By Tim J. Randall
Just another golf tournament?
Anyone who has ever hung out at the raucous No. 16 at the TPC Scottsdale during the Waste Management Phoenix Open, or hustled off the course in time to make the opening act at the Coors Light Birds Nest, knows better.
Those who’ve been there understand that there is more to the Phoenix Open than golf.
Just as compelling of a draw is the party atmosphere, although through the years the golf has been pretty good, too.
Whether it’s that electrifying Par 3 16th hole, where the pros are either cheered wildly or booed lustily, depending upon the whim of the record galleries, the energy and vibrancy is palpable throughout tournament week.
“We are very careful to balance the golf with the party fun,” said Phoenix Open chairman Andy Markham. “We have great fans and we make sure that everyone has a good time, and that a few attendees do not ruin it for everyone.”
Although the caddy races on 16 have gone the way of wood-shafted clubs – golf, after all, must maintain at least a modicum of decorum, and safety – there’s still plenty of fun to be had, far more, and by much larger crowds, than at the average, staid PGA tournament.
Markham anticipates that the 2017 tournament, dubbed the “The Greatest Show on Grass,” will draw record crowds of more than 600,000 to the Airpark golf course during its run of Monday, Jan. 30, to Monday, Feb. 6, despite a significant conflict.
“The final round of the tournament will again fall on Super Bowl Sunday,” Markham said. “That makes for a good, fun and festive week.”
It seems that there is no stopping the momentum of the Phoenix Open. The environment has become vibrant since Tiger Woods’ famous 16th-hole ace in 1997, as incredible noise and energy flowed down from the stands.
“In the last five years, we have expanded the 16th-hole skyboxes from 240 to 270,” Markham said. “I wish I had a crystal ball to tell you what the event will look like in the next five years. Our team gets creative, and when there is demand, we will figure out the supply.”
One such evolution could be addition of the adjacent Champions Course to the tournament to broaden the player field and enliven the Pro-Am.
“We are considering that in the future,” Markham said. “For now, though, we thought that would not be fair today for our patrons and sponsors.”
Each year the Thunderbirds, sponsors and partners outdo themselves to provide the world’s best golfers with the canvas to dazzle patrons, while also catering to guests who want that entire entertainment experience.
“This year, the Birds Nest over four days will have eight headliner acts,” Markham said. “For 2017, we will have six expanded skybox areas around the 15th and 16th holes and 350 new bleacher seats. We also will enlarge the 2016 Bay Club area.”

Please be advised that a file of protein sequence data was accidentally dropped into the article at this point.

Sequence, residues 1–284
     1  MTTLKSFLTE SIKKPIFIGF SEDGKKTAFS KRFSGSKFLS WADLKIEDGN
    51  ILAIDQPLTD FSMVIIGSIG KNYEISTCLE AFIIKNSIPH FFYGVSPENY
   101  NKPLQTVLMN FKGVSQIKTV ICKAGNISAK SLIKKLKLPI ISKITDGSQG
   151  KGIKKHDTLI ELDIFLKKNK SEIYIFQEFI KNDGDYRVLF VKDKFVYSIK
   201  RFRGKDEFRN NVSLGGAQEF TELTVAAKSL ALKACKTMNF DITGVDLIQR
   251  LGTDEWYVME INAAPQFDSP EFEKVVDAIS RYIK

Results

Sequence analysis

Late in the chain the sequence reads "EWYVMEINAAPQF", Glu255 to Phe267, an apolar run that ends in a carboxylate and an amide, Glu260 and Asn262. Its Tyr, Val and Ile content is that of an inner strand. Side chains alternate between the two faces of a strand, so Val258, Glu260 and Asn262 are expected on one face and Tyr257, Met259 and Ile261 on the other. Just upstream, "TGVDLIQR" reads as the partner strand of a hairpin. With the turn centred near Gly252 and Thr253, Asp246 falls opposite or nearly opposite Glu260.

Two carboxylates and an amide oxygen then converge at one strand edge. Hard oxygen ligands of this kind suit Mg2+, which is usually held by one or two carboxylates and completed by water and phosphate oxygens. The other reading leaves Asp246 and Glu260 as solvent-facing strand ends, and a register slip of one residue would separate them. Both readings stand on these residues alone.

It is not just the fans who win at the annual event. In 2016, the Thunderbirds raised $9.3 million for charities, making the total amount of $111 million over the life of the tournament, according to its website.
“This is the people’s open,” Markham said. “We have great fans, a great tourney, great weather and a great time.
“We want patrons to have the opportunity to see the best players in the world. We are going to continue to see a great field this year.”
That field includes last year’s sixth-place finisher, Will Wilcox.
“I’ll remember that week for the rest of my life,” Wilcox said. “It’s not often that you get to play in front of a crowd that makes you feel like you’re a quarterback in the Super Bowl, or a pitcher in the World Series. You definitely get that feeling. That crowd is incredible and so into it.”
In its 31st year at TPC, the Phoenix Open dates to the 1930s.
“The event was started by the Thunderbirds, a local community organization, to promote the Valley of Sun through sports,” Markham said. “Through the years, it became a hit with celebrities, golf professionals and fans.”
The roster of past winners is a who’s who of golfing legends, including Arnold Palmer, Ben Hogan, Jack Nicklaus and Johnny Miller. In the TPC era, greats such as Phil Mickelson, Vijay Singh and Tom Lehman have prevailed. In recent years, the next generation of talent has hoisted the championship trophy, including last year’s victor, 24-year-old Hideki Matsuyama.
Waste Management Phoenix Open
TPC Scottsdale, 17020 N. Hayden Road, Scottsdale
Monday, Jan. 30, through Monday, Jan. 6
Daily admission is $40 Wednesday through Sunday.
Free public parking, with shuttle access to the tournament gates.
For more information: 480-585-4334, wmphoenixopen.com, coorslightbirdsnest.com